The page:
The University of Virginia witnessed the passing of another great Virginian—a Virginian in the sense of his association with the University—just shy of two centuries, or 183 years to be precise, after the passing of the founder of the University. Ted Kennedy’s ties to Virginia, of course, do not compare to those of Mr. Jefferson. Yet they are, in a sense, two bookends on the long and growing bookshelf that is the University, with the architect at the beginning and a man emblematic of an important moment in the University’s history further down the shelf.
The two men were alike in ways that are profoundly revealing about our country. Both were aristocrats in a country that shunned aristocracy. Both were dominant figures in the Democratic Party. Both stood for the common man in spite of their great privilege, something reflective of the egalitarian aspirations of the country they loved. Both led large and complex families, in Kennedy’s case, a legacy of three older brothers who died violent deaths while serving their country. Jefferson and Kennedy were patricians, patriots, and patriarchs.
Yet in spite of their privilege they were also “levelers,” dedicating themselves to providing opportunities to those who lacked their inheritance. Jefferson was a slaveholder, of course, from a different era in our history; Kennedy was born to great wealth in a house full of servants, yet he was at the forefront of the civil rights movements that finally brought equality under the law to former slaves a century after the Civil War. And as both men grew older, they grew bolder, more outraged by inequality, yet with gravitas and dignity. They became more human, and humanized, at the end of their lives.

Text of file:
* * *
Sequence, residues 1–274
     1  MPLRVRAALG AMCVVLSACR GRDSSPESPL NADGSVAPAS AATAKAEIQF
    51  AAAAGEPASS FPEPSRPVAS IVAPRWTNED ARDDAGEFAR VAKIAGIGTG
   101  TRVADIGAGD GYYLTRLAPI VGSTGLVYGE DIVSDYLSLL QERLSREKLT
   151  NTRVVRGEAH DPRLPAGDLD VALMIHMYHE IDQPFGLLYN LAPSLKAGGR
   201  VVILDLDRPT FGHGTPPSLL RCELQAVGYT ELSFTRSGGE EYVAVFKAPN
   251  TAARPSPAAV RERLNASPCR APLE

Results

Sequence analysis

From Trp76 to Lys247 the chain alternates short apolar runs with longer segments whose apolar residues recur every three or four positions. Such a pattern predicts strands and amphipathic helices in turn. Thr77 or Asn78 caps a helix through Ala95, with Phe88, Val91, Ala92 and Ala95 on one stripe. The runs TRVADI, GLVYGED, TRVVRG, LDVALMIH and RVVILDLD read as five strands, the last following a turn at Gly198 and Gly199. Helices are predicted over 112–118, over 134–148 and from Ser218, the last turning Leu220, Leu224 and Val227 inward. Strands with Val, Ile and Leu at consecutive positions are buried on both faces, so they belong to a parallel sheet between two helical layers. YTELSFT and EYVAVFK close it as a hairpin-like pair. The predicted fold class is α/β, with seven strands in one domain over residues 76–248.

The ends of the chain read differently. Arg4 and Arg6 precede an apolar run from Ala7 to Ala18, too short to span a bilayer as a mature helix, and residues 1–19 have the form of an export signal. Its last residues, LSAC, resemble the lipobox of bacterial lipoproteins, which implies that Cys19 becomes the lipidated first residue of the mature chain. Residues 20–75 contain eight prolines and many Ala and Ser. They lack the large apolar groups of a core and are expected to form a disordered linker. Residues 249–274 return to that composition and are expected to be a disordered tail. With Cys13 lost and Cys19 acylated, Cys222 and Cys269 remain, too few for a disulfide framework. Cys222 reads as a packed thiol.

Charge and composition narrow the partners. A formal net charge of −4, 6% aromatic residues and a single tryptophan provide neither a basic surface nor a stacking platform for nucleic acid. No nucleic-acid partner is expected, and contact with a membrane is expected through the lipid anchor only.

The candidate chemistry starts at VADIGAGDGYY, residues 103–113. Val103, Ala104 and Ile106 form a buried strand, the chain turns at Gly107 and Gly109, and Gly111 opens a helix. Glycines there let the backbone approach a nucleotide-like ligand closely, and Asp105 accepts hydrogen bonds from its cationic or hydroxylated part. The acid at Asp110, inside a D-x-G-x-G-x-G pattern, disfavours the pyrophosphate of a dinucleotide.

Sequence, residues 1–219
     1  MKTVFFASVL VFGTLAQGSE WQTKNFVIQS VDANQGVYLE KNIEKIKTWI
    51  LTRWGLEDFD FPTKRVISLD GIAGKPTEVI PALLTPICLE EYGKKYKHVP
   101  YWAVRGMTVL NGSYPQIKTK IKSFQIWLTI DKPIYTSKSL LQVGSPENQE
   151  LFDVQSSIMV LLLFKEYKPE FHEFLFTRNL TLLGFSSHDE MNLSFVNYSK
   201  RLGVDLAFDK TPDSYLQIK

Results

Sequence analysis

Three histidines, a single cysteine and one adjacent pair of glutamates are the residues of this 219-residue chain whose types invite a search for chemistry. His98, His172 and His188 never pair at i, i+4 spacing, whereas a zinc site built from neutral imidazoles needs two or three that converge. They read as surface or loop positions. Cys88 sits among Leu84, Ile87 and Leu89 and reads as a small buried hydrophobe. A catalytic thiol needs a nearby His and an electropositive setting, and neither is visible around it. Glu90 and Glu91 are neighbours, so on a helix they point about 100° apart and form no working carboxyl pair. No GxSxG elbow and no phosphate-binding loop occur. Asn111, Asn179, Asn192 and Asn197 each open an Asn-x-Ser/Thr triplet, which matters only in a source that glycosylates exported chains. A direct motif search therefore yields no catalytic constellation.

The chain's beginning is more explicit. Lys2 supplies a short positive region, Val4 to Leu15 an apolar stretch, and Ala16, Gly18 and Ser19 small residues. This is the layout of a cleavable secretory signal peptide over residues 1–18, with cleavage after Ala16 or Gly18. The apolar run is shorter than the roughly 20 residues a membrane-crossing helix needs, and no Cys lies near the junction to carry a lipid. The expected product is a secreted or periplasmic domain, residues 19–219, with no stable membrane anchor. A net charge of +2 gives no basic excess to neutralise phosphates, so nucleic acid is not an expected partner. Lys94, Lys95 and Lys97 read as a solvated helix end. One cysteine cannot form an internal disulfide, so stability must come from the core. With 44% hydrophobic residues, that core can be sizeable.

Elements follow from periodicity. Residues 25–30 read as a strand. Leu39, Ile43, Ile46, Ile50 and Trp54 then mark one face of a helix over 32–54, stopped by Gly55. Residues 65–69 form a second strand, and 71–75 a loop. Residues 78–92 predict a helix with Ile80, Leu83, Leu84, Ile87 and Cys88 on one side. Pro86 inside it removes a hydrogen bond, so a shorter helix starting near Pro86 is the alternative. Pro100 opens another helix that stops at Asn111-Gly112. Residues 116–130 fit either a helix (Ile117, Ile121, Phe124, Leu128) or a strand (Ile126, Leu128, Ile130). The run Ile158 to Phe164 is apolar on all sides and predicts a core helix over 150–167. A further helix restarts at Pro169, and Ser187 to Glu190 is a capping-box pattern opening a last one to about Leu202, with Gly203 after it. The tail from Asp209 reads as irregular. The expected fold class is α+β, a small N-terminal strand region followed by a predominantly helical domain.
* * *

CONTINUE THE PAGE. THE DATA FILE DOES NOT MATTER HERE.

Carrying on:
They were also alike in being bundles of contradictions. Jefferson had a long relationship with Sally Hemings, a beautiful black woman who was a half sister-in-law and, of course, a slave. Ted Kennedy long had a reputation as a womanizer. It took an appalling tragedy at Chappaquiddick for him to become the most important champion of women’s rights in the Senate. He also became, like Jefferson, a workaholic who was responsible for a myriad of legislation. (In the vast commentary after his death, his work on civil rights, voting rights, health care, immigration, the environment and many other endeavors were mentioned, but hardly anyone noted his long and sterling record as a champion for the rights of women.)
Ted Kennedy and the founder of our University were, in short, complicated men who lived and wrestled with their contradictions, both privately and in the public arena, always willing to fight the good fight, never downcast, and in the end better men for having confronted and tried to overcome their human-all-too-human frailties—even as their lives ended with battles still to be won.
When people say the United States is “the last, best hope of mankind” I often pause, because so many countries around the world have high standards of democracy and human rights. But there is something intangible about the United States, with its extraordinary complexity and diversity, part of a great continent anchored at the beginning by states as different as Massachusetts and Virginia, states that so embody that diversity—one, a former member of the Confederacy; the other, the most liberal state in our time; both, sites of the country’s creation at Plymouth colony and Jamestown, and both producing great politicians who gave their all to overcome the worst legacies of our national heritage. And two great universities distinguish those states, Harvard, as one of the greatest private schools, and Virginia, as one of the greatest public schools, both overflowing with a diversity that would warm the capacious hearts of two great men, one the son of the Commonwealth of Virginia; the other, son of the Commonwealth of Massachusetts. One attended William and Mary and then went on to found the University of Virginia. The other attended Harvard and then had the good sense to come to Charlottesville to study the law. He would go on to become one of the great American lawmakers of the twentieth century.
At the University of Virginia we mourn the passing of an era, and of a formidable alumnus: we will miss Ted Kennedy.